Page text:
Sunshine4Life said...

i miss mychildhood days seeing them play...

sis, tagged ya here:

roni said...

thanks for the tip, now i know what to do to start the rain here in the desertland, lol!

Heart of Rachel said...

I really enjoyed reading this post. It reminded me of my childhood. I loved playing all the games you mentioned. I was great at jack stones. :)

I also played hopscotch or piko with my classmates while waiting for my yaya to pick me up from school.

Bato Bato Pick ... I still do it when a need arises. Ha ha!

ScroochChronicles said...

I'm teaching my kids how to play hopscotch/piko now. It's a little difficult lalo na for Adi. Medyo masama pa ang eye/foot coordination niya eh.

Bato-bato-pik is also one of their fave games. May daya pa nga eh. Si Adi has "rain" to combat "paper".

And I just got them "sidewalk chalk" for their sidewalk art.

Tuwang tuwa ako when I read this :)

Christianne said...

I love seeing pics of your girls having fun, keep them coming!

A question pala, do you speak to them purely in German?

Ruth said...

whew, this brought me back memory lane. during those times we used to play outdoors more (less tv, and virtually no video games). jackstones (hanggang anong exhibition ang kaya mo? hehe), piko, patintero, chinese garter, open the basket, monkey-anabel, haaay.... i wonder how many kids these days still play such.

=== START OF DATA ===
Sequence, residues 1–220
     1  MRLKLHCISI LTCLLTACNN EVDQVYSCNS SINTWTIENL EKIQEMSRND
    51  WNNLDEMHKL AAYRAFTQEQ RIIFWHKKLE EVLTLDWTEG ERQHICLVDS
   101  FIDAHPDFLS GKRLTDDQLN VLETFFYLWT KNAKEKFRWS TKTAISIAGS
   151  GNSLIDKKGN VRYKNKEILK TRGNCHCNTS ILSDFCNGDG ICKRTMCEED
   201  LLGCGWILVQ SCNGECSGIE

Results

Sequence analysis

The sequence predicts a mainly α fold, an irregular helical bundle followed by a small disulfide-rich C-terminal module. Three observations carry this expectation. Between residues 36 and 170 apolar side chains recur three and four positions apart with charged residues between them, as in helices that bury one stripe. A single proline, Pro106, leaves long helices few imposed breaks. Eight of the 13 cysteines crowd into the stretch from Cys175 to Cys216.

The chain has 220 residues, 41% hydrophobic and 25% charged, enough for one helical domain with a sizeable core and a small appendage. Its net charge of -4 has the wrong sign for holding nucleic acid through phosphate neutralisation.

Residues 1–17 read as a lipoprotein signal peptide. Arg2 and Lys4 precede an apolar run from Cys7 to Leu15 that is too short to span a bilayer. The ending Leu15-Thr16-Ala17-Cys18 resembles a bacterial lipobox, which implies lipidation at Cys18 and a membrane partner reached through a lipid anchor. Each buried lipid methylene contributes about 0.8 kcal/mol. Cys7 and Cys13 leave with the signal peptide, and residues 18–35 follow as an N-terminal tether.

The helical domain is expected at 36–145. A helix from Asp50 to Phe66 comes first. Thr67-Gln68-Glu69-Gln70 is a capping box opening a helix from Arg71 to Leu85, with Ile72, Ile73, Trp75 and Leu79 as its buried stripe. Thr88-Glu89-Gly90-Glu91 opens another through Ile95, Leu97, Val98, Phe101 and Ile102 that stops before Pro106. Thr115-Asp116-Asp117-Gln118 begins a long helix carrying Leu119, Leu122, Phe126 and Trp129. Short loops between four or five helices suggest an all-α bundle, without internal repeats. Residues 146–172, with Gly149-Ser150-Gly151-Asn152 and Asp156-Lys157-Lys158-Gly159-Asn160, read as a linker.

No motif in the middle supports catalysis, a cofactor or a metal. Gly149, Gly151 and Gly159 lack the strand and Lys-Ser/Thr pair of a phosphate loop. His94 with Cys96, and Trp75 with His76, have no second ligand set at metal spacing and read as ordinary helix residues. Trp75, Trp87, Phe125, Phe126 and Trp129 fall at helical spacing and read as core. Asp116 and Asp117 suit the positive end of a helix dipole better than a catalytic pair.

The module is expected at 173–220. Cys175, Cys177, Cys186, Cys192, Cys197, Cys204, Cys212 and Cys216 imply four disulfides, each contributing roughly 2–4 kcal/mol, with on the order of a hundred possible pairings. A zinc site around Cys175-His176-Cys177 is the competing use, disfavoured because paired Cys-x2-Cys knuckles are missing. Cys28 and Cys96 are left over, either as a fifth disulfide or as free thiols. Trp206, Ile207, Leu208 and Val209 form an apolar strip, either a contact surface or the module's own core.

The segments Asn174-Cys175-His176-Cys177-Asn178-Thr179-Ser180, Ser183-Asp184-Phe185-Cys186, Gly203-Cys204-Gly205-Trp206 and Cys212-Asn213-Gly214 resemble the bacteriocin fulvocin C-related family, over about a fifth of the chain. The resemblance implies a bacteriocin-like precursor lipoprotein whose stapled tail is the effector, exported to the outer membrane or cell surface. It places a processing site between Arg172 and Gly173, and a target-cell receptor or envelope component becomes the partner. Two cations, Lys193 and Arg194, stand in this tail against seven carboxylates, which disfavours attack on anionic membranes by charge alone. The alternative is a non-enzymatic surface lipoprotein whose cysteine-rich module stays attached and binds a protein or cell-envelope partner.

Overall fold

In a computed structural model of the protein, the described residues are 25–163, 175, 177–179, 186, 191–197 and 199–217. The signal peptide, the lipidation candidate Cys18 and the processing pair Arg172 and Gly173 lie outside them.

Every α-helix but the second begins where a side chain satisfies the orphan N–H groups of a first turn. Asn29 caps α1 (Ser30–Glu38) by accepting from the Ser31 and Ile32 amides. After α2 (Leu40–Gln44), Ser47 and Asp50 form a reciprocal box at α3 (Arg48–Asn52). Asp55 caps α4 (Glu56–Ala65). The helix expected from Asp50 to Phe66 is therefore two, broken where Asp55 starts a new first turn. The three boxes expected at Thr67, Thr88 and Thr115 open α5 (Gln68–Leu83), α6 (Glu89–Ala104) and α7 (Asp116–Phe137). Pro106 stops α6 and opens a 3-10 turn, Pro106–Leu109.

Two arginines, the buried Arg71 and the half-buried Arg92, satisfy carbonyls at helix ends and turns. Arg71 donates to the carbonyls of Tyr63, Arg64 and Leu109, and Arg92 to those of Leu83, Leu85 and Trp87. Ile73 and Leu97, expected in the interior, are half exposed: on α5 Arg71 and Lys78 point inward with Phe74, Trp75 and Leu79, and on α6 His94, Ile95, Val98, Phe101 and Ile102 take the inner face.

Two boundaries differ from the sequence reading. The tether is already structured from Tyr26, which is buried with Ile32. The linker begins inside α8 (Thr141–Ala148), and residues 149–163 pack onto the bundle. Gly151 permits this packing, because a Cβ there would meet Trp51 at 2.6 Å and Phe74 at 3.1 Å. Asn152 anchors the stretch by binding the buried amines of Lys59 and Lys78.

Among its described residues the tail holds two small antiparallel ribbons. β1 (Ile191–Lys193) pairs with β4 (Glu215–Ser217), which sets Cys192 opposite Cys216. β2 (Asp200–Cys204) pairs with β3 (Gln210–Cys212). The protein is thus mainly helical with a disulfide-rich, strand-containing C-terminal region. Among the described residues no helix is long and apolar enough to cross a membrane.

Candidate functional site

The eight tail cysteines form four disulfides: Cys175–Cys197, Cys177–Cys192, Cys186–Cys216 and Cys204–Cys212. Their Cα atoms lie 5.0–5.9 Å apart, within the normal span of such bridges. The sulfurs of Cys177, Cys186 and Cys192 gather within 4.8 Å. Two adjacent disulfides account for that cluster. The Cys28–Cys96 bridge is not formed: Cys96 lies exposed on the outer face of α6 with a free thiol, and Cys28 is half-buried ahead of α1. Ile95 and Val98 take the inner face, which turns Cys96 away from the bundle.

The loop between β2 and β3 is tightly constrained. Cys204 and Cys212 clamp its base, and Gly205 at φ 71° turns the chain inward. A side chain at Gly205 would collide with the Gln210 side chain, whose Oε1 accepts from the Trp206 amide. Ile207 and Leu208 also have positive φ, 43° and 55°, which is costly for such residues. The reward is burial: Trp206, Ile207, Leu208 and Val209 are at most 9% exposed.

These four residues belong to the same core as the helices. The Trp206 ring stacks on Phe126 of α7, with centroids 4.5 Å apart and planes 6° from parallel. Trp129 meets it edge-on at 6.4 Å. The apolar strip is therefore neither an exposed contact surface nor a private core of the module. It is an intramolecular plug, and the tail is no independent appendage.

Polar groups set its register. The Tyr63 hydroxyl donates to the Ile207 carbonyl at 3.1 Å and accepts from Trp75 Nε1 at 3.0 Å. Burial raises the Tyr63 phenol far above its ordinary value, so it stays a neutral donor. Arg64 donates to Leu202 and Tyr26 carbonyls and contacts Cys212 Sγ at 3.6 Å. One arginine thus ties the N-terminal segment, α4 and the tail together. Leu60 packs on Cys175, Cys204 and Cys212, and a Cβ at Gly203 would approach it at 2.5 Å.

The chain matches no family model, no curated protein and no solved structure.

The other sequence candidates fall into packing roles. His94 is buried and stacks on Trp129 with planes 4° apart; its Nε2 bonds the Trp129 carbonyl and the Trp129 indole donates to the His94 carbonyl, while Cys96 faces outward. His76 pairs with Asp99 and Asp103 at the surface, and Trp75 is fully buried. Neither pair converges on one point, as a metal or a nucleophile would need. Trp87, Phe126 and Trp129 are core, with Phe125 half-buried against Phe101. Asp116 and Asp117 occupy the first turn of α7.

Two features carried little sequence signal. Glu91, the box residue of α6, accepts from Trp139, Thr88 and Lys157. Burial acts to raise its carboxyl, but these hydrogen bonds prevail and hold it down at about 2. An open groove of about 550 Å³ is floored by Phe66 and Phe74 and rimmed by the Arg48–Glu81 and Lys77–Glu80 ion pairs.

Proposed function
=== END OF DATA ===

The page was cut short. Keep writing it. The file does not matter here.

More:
raqgold said...

jeannie - you know what, i used to play piko with my brothers, too :D

mayi - oh they had fun. esp since knowing that other kids dont know how to play most of those games. sikat daw sila :)

jennie - thanks jennie. i wonder what's really happening with that akismet coz you're not the only one.

julie - they really enjoy those games because those are really novelty games here.

arlene - that's why i play those games with them. ok, am checking out the tag!

roni - what would you do? erase those smiling sun, hehe

rach - bato bato pick is always the best. kahit saan.

cookie - si IC din may daya sa jack en poy, meron syang needles, hahaha.

christianne - kapag hindi sila makulit, they have more fun, hehe. i speak to them in german, in english and in tagalog. halo halo kasi minsan nag ta translate ako parati in one sentence e.

ruth - wow, monkey monkey anabel. teka muna, how does the rule goes nga ba. one ask how many monkey tapos you count and the one tagged would be out of the circle di ba? tapos takbuhan din yan? hmmm... this is great going back memory lane and such fun.

haze said...

These reminds me of my childhood memoried co'z I used to play these with my sister, cousins and friends...super pikon pa ako pag natalo :( ! Hay naku, how about Shatong, tumbang preso, chinese garter, luksong baka at maramin pang iba :D ! HAZE